CPS Playing Favorites
Child Protection Or Family Selection?
How Texas CPS stacks the Deck
Is the Texas Department of Family and Protective Services (“CPS”) only concerned with the protection of children, or does the Agency enter into alliances with foster families that deprive children the opportunity for placement with other family members?
Does Texas CPS Play Favorites?
Consider the following scenario. Baby Joe is born in 2009 and immediately removed from his mother’s care by Dallas County Child Protective Services. Joe’s mother, Jane, has previously given birth to another child, Jessica. Jane placed Jessica for adoption with the Smith family in 2004. Mr. and Mrs. Smith live with Jessica in New York.
When CPS removed Joe and placed him into foster care, CPS workers were informed that Joe had a sister who had been previously adopted by Mr. and Mrs. Smith. Ms. Smith, having remained in contact with Jane over the years, knew of the CPS removal and told the CPS worker she and her husband wished to be considered for placement.
Because the Smiths live in New York, there must be compliance with ICPC (Interstate Compact on Placement of Children). To place Joe with his sister, the CPS worker should have taken the steps necessary to secure approval of the placement by ICPC.
Are Foster Parents Mere “Employees” or Prospective Adoptive Parents?
Meanwhile, little Joe has been placed by CPS in a foster home where he is adjusting and doing well. The foster home is what is referred to as a “dual licensed” home, meaning if the foster family becomes attached to Joe and parental rights are terminated, they can adopt Joe.
Child Protection Or Family Selection?
The foster parents see the CPS worker once a week, they tell the worker they are attached to Joe, and they begin to ask if Jane’s parental rights are going to be terminated. The CPS worker, being human, forms a friendship with the foster parents and begins to hope they emerge from the case with Joe in their custody.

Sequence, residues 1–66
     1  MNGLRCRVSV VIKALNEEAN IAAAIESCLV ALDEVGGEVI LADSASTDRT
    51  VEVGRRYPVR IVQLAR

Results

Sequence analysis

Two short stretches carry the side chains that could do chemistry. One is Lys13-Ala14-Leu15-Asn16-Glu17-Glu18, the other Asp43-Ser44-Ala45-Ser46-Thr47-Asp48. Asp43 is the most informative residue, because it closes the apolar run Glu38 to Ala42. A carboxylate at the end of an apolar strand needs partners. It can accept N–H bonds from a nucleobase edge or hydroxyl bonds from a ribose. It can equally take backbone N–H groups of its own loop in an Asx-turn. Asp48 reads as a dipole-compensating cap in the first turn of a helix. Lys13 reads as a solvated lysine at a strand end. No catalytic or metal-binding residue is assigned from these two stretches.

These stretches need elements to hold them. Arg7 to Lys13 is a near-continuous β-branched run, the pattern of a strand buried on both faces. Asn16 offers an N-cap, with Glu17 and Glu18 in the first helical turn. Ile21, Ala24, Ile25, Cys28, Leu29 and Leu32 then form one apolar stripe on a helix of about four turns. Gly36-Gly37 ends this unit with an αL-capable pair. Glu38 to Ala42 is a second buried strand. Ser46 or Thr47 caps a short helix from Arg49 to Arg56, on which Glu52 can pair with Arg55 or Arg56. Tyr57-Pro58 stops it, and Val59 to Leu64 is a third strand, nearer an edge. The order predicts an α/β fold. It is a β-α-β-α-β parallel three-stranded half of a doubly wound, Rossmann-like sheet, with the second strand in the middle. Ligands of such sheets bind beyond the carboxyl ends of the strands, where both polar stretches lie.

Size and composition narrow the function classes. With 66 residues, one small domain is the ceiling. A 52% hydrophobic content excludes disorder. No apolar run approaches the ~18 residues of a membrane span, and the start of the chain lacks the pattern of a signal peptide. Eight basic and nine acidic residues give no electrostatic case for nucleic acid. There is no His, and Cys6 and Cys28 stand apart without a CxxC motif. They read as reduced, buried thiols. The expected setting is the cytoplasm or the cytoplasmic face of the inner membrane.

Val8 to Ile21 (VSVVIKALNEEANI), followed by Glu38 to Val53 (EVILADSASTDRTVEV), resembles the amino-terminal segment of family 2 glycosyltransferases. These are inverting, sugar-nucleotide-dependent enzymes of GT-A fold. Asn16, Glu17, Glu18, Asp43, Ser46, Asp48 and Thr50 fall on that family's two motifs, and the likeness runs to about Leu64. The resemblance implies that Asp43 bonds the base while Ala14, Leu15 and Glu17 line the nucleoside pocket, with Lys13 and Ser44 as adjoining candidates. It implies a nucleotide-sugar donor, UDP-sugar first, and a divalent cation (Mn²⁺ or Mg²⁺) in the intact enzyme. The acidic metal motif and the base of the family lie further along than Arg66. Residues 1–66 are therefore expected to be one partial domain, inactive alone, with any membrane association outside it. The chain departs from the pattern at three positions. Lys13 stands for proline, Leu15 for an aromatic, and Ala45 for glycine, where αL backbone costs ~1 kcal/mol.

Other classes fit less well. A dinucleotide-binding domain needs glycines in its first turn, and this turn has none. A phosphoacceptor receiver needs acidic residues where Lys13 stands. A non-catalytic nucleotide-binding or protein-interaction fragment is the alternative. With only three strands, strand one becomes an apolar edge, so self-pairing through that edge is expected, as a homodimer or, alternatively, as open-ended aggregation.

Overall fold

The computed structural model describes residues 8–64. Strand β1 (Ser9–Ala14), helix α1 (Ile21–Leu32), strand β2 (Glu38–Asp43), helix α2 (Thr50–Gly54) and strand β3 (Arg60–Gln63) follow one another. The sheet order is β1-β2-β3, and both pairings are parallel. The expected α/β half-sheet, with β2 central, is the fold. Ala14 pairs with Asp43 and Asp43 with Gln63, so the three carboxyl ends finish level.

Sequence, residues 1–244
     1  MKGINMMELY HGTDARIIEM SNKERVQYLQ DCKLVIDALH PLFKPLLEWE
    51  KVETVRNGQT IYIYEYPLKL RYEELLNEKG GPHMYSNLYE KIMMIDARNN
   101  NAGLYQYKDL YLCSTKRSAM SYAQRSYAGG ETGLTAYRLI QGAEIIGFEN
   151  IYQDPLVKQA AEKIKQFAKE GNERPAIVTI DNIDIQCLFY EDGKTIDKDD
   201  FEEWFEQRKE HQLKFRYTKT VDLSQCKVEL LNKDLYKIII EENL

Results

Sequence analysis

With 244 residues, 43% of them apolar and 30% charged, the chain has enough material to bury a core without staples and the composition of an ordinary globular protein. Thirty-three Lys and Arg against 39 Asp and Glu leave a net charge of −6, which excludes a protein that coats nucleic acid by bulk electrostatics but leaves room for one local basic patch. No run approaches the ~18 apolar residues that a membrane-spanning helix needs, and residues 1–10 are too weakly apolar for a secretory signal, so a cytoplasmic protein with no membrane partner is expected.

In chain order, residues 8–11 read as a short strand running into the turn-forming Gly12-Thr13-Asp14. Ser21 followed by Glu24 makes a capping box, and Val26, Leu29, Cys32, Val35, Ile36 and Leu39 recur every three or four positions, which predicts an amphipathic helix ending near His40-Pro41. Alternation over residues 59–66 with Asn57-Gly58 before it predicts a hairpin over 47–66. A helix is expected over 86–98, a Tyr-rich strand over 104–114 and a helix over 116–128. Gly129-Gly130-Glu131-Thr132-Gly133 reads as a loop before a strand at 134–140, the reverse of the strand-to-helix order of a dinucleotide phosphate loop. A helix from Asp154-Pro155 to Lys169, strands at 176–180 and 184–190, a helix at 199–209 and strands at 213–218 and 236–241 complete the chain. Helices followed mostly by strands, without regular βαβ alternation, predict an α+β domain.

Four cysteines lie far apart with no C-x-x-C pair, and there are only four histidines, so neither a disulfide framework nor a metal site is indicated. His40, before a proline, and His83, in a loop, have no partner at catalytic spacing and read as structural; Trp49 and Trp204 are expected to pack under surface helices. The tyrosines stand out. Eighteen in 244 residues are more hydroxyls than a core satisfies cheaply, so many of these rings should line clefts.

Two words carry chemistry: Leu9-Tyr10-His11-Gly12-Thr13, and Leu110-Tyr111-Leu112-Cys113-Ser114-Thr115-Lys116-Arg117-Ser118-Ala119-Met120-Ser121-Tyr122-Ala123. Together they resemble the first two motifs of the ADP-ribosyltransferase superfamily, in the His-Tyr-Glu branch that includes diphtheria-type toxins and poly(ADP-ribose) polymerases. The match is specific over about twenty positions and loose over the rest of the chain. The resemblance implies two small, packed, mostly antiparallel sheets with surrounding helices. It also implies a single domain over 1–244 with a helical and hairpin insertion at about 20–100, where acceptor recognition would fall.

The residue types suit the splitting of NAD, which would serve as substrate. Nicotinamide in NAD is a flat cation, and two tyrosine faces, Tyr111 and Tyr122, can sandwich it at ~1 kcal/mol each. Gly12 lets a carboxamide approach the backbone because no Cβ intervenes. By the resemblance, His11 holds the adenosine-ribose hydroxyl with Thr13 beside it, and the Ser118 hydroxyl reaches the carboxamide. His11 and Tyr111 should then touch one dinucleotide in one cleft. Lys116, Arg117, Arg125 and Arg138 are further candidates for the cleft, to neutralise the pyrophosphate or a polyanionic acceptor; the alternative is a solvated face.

What about Family?
The Smiths wait anxiously for follow-up from the Texas CPS worker, but there is never a call. In fact, the CPS worker becomes evasive when pressed for information; she has made up her mind where the child should live and never initiates the required homestudy on the Smith home.
Nearly six months after little Joe has been placed into foster care, the Smiths realize they have been misled and hire Texas CPS lawyers to intervene for custody.
Anatomy of a CPS Trial
Ten months after Joe was removed from his mother and placed into state foster care, the case goes to trial. Jane, realizing she cannot overcome her mental illness and care for the child, relinquishes her parental rights. Mr. and Mrs. Smith appear before the Court with their Texas CPS attorneys. CPS appears with their government lawyers.
CPS argues that Joe has been in the same foster home for ten months, he is happy and the foster parents wish to adopt. The caseworker goes on to state Joe would be traumatized to leave the foster home he has known for almost a year.
The Smiths appear with their Texas CPS attorney and argue little Joe has much to gain by being raised with his biological sister. This would give Joe some link to his biological family going forward and the two siblings would have a shared family history. Also testifying was a psychologist hired by the Smiths who testified transitioning Joe from his current foster home would cause no long term psychological damage and that all adopted children desire, at some point, to have knowledge of their family of origin.
The Tarrant County CPS court ruled in favor of CPS, ignoring even the recommendation of Joe’s attorney ad litem. Simply put, the Court sided with the status quo – – a reality created by Texas CPS and their fondness for Joe’s foster family.
If you are related to a child in the Texas foster care system due to a CPS removal, you must act both quickly and independently to preserve your rights. CPS does not represent you and has absolutely no obligation to you. They can tell you something one day and do the complete opposite the next. Decision making within CPS follows no rules. Instead decisions are made subjectively and often randomly, depending on the particular persons involved in the process.
At Schreier & Housewirth Family Law, we have spent over 20 years helping families in Tarrant, Dallas, Parker, Johnson and Hood County, Texas maintain their family ties. Gregory L. Housewirth and Holly J. Schreier are recognized across all of north Texas as to “go to” lawyers in defending child abuse or neglect cases brought by Texas CPS.